Matthew Vincent

Is popular culture to blame for the state of household finances? It occurs to me that today’s indebted thirty-somethings had the misfortune to grow up in the 1980s to a soundtrack of such musically – and economically – dubious classics as ‘Money For Nothing’ by Dire Straits, ‘Gold’ by Spandau Ballet, and ‘Opportunities (Let’s Make Lots of Money)’ by the Pet Shop Boys. They clearly switched off whenever Radio 1′s ‘Oooh’ Gary Davies introduced ‘Money’s Too Tight to Mention’ by Simply Red – but then didn’t we all?

So it’s perhaps little wonder that this generation’s children are now growing up in households with average short-term debt of £8,653, according to Scottish Widows. They’re having to live with it, too – Equifax reports that one third of borrowers are only paying off up to 25 per cent of these credit card debts each month, with nearly one in four making only the minimum repayment.

But the children may grow up to be more financially savvy than their parents – thanks to the music of Tinchy Stryder, the undisputed ‘Prince of Grime’. For those of you unfamiliar with the latest urban sounds, Tinchy recently reached number one, in what Gary used call the Hit Parade, with the self-confidently titled ‘Number One’, featuring N-Dubz. And now, he is giving personal finance lessons in schools.

Lucy Warwick-Ching

There’s a glimmer of light for consumers who have seen their account balances diminish due to repeated bank charges. New figures suggest there is up to £480m of unfair bank charges to be paid back by the banks.

The research comes from consumer website MoneySavingExpert.com which has had over 6 million template letters downloaded from it and is launching its new bank charges reclaiming guide on Wednesday – which includes new legal arguments developed since the court case.

Ellen Kelleher

Finally -  we here on FT Money have received proof that our crusade to encourage you (the great unwashed) to take command of your finances is just and necessary. We will celebrate by downing a glass or two of  chianti.

This morning, the Insolvency Service revealed to the FT’s Norma Cohen that the number of people becoming insolvent in this country rose by an eye-watering 25 per cent in the last three months of 2009. This means that the number of bankrupt individuals in England and Wales is now 134,142 or one in every 320 adults. And in the fourth-quarter of last year alone, there were 35,574 individual insolvencies, up 24.9 per cent from the last three months of 2008.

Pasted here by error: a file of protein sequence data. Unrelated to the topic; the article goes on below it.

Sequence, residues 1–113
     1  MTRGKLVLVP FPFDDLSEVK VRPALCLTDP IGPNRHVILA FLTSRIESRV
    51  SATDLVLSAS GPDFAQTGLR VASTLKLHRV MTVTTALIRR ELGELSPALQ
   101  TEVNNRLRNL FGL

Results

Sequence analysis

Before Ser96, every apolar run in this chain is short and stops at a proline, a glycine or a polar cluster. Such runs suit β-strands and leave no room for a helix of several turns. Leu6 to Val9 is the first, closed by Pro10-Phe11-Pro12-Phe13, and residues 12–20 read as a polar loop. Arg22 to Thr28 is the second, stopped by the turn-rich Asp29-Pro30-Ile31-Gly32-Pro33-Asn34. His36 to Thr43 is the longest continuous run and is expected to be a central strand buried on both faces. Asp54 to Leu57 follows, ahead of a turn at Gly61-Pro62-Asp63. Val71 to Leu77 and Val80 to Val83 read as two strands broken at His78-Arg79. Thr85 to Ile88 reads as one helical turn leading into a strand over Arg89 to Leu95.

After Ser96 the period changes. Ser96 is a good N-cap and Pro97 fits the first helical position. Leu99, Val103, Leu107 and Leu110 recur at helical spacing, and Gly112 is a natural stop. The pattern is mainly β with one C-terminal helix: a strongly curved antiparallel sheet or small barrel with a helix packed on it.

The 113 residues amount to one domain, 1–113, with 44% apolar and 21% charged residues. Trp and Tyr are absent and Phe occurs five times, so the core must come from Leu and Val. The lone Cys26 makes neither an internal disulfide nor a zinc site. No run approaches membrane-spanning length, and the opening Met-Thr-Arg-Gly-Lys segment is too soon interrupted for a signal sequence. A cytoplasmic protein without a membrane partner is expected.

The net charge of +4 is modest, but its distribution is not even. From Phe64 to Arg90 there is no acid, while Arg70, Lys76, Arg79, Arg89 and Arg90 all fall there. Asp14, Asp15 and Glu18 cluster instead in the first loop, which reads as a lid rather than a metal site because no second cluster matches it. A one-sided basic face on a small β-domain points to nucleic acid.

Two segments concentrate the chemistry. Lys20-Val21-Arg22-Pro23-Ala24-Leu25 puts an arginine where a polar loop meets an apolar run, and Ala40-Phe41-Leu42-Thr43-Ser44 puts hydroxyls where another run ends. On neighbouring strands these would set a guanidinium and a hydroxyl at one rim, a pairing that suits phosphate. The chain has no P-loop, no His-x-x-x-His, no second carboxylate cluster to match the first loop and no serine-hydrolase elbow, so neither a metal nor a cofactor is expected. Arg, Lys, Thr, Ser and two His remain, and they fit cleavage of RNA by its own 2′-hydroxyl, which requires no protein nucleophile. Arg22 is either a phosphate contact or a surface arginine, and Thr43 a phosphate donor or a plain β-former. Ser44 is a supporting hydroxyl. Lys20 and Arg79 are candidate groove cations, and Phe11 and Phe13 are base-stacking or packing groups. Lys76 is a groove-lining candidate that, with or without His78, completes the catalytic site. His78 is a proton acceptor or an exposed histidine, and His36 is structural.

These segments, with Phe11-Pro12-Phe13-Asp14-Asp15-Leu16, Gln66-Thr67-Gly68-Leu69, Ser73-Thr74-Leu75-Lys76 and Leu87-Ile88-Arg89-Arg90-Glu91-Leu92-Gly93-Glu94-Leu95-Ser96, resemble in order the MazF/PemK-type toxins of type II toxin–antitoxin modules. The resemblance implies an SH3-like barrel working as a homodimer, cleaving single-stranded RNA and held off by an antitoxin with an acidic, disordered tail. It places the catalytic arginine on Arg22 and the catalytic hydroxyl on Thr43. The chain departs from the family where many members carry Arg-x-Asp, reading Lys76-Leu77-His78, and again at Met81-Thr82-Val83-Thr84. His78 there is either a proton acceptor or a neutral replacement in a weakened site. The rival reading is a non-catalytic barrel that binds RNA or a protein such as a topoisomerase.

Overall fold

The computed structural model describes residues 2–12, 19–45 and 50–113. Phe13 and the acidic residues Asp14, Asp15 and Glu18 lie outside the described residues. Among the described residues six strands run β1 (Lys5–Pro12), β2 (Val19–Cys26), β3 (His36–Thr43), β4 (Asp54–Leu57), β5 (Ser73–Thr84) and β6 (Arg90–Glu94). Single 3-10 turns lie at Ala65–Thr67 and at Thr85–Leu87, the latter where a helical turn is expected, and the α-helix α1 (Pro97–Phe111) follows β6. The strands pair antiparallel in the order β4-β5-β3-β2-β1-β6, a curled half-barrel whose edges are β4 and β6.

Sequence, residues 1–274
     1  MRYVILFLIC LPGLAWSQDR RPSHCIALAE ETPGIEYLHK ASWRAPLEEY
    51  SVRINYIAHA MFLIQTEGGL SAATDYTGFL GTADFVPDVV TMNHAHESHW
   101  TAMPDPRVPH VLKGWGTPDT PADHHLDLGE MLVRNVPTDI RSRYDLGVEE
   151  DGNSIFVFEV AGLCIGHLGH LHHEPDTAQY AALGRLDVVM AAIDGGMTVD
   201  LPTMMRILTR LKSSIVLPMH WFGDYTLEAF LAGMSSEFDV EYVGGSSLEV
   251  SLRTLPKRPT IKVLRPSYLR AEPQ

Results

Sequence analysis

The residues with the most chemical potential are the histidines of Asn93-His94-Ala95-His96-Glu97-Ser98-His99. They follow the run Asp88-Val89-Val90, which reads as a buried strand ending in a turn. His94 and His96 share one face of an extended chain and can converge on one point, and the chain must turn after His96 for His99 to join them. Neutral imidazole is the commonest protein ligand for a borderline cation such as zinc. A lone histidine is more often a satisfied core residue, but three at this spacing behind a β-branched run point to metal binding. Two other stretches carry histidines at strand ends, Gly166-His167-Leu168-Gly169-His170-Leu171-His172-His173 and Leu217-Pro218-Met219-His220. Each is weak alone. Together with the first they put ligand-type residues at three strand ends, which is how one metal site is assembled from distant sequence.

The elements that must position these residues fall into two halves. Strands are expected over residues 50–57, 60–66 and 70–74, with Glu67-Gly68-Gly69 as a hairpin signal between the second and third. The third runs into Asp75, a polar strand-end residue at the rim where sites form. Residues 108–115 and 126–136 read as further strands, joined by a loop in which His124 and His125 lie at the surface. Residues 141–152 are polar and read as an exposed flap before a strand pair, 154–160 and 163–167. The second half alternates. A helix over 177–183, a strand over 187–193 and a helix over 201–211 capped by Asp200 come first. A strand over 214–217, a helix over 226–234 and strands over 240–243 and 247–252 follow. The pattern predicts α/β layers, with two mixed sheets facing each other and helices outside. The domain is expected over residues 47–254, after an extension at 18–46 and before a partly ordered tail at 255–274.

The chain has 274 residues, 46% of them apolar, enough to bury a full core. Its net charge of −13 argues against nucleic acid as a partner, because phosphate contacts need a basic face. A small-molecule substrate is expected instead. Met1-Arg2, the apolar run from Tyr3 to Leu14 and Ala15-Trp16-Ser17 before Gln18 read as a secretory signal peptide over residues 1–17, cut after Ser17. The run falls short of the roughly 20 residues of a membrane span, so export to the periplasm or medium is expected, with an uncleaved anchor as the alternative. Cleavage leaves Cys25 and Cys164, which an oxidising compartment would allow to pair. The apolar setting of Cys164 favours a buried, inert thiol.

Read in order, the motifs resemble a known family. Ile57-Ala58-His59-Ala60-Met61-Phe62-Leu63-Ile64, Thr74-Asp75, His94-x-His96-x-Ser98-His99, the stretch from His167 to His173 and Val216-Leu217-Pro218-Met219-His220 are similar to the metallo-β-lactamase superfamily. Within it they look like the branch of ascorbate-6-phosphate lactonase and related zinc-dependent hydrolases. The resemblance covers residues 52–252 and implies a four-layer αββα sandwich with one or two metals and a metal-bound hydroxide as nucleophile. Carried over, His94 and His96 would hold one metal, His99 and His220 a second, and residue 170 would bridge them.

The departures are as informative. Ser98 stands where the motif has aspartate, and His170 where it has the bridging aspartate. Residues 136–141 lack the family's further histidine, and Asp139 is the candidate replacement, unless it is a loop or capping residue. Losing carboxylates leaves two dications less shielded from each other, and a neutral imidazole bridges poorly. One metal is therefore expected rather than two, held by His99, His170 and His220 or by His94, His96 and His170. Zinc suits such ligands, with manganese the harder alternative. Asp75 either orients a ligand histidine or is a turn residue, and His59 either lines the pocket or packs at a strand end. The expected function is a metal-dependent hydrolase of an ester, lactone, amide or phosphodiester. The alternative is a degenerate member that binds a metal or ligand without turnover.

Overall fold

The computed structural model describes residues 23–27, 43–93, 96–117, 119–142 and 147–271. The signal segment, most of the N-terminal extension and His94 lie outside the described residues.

The FT’s Money blog is a forum for the latest news and insights from the UK’s personal finance scene. Matthew Vincent, the editor of FT Money and his team of reporters will upload their views and insights on what’s happening in the industry and how this affects people’s finances.

This blog is no longer active but it remains open as an archive.

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About our bloggers

Lucy Warwick-Ching is the FT’s new Money Online Editor and has been a UK Companies reporter covering tobacco, pubs and leisure companies as well as the deputy editor on House and Home.

Matthew Vincent is the FT’s Personal Finance Editor and was previously the editor of Investors Chronicle, where he also devised the award-winning online video The Market Programme, and produced the BBC-FT standalone magazine ‘How to be Better Off’. He presents the weekly FT Money Show audio podcast, and previously worked on the BBC TV programmes Short Change and Pound for Pound.

Alice Ross is deputy personal finance editor of FT Money. She specialises in pensions, investments and investment trusts. Alice joined FT Money in April 2008 - prior to that she was deputy editor at Money Management magazine.

Ellen Kelleher has been a personal finance reporter in the UK for close to four years. Before arriving in London, she worked in the FT's New York bureau where she covered the insurance sector.

Steve Lodge is a personal finance reporter on FT Money specialising in savings.


Josephine Cumbo has written about all aspects of personal finance but currently specialises in insurance. She also covered company news for FT.com. Prior to working at the FT she was a news reporter for the ABC.

Tanya Powley is a personal finance reporter on FT Money specialising in mortgages and the housing market. Tanya joined FT Money in November 2009 after working in Australia covering personal finance for the Australian Financial Review and its sister magazine Asset. Prior to that, Tanya wrote about mortgages for UK trade newspaper Money Marketing.

Jonathan Eley is editor of Investors Chronicle, and has been with the title for ten years. Before that he worked for newswires and trade journals in London, New York and Hong Kong.